Abstract and Introduction
Psychosocial interventions for serious mental illness are resource intensive and poorly accessible. Brief interventions (eg, single session) that are augmented by follow-on automated mobile health intervention may expand treatment access. This was a randomized single-blind controlled trial with 255 individuals diagnosed with schizophrenia or bipolar disorder. Participants were randomized to one of three conditions: CBT2go, which combined one individual session of cognitive behavioral therapy with automated thought challenging/adaptive behavior delivered through mobile devices; Self-Monitoring (SM), which combined single-session illness psychoeducation with self-monitoring of symptoms; and treatment-as-usual (TAU). Participants were assessed at baseline, 6 weeks (midpoint), 12 weeks (posttreatment), and 24 weeks (follow-up) with our primary outcome global psychopathology (Brief Psychiatric Rating Scale–expanded version [BPRS-24]), and secondary outcomes community functioning (Specific Level of Function; SLOF) and defeatist performance beliefs (DPBs). We also collected data on adverse events. Outcome analyses on the primary outcome, BPRS Total score, indicated a significant time (0–24 wk) by group interaction with significant but modest improvement comparing two active conditions (CBT2go and SM) relative to TAU. Effects of CBT2go were not different from SM. There was a significant time × group interaction with better SLOF scores in CBT2go across 24 weeks, but not in SM. There were no time-by-group effects on DPBs. DPBs decreased in the CBT2go condition but not in SM. These results indicated that single intervention augmented by mobile intervention was feasible and associated with small yet sustained effects on global psychopathology and, when inclusive of CBT, community function compared with usual care.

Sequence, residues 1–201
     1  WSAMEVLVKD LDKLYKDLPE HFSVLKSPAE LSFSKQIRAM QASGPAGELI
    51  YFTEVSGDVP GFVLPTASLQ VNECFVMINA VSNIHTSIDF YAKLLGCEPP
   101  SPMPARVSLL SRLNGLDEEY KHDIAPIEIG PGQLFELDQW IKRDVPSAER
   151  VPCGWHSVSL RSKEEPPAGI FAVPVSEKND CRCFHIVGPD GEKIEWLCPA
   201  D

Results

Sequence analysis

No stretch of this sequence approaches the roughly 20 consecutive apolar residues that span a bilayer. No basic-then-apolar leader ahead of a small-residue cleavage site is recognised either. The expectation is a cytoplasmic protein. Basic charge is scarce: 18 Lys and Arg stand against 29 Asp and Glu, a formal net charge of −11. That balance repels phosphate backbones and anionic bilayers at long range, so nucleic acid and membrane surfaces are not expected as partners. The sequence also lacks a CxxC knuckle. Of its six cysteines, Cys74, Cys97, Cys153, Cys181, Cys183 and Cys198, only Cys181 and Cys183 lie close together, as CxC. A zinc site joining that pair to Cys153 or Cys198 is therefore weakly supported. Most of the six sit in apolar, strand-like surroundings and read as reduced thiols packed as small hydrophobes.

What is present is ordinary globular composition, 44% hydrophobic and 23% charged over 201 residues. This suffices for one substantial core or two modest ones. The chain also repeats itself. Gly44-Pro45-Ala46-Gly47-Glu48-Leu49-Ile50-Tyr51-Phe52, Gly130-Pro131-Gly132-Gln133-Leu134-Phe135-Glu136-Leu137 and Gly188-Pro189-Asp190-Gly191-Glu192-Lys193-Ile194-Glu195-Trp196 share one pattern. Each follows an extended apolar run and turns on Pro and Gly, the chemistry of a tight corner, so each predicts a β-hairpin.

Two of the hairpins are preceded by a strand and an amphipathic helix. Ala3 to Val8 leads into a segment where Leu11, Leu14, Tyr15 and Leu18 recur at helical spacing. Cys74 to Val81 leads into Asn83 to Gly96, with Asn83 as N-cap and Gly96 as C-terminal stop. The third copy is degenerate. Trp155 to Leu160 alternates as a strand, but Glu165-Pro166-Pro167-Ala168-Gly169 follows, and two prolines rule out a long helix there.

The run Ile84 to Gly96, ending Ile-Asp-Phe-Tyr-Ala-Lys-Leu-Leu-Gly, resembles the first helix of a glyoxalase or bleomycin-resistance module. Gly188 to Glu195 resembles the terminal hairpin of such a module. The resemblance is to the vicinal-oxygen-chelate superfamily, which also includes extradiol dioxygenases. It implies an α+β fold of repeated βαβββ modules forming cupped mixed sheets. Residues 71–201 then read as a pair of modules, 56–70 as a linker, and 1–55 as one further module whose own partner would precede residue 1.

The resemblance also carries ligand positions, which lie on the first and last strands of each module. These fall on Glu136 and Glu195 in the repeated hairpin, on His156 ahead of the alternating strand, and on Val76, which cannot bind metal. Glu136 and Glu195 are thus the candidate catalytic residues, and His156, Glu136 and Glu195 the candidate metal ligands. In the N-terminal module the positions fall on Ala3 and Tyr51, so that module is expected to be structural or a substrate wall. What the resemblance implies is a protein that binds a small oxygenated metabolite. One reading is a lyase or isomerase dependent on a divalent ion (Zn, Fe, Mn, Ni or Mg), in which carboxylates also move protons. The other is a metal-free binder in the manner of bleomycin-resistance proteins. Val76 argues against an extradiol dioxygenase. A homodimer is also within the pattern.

Limited access to evidence-based interventions for serious mental illnesses (SMI; schizophrenia, bipolar disorder) has resulted in efforts to create brief or low-intensity interventions to expand reach of treatments including through mobile technology.[2,3] Rates of mobile device usage and ownership in SMI are increasing, and mobile health interventions are of interest to the population.[5,6] Moreover, despite concerns raised over the quality of extant clinical trials, reviews have generally indicated positive impact on symptoms.[7,8] Although one meta-analysis suggested differential impact across design features, a few studies have experimentally tested variations in mobile intervention content or whether treatment effects are sustained after acute phases of intervention. To address these gaps, we conducted a randomized controlled trial (RCT) contrasting two types of single-session interventions augmented by mobile health: cognitive behavioral therapy (CBT) vs illness education with self-monitoring.